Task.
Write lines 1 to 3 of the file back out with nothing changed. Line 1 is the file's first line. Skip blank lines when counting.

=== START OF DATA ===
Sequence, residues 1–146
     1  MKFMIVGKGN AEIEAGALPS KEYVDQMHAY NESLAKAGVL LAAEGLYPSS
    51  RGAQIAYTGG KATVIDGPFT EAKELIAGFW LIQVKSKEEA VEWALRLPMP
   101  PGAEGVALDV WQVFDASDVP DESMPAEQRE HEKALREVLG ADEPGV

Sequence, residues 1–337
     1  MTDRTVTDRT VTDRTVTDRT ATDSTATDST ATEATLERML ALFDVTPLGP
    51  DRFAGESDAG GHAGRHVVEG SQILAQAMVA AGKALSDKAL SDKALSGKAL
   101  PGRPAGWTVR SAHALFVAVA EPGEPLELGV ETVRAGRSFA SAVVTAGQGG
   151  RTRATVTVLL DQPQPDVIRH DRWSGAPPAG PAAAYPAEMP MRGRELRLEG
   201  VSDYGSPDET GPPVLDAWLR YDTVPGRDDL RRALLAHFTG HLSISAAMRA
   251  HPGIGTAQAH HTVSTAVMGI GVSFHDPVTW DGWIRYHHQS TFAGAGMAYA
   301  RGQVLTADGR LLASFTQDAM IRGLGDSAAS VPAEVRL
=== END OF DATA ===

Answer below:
Sequence, residues 1–146
     1  MKFMIVGKGN AEIEAGALPS KEYVDQMHAY NESLAKAGVL LAAEGLYPSS
    51  RGAQIAYTGG KATVIDGPFT EAKELIAGFW LIQVKSKEEA VEWALRLPMP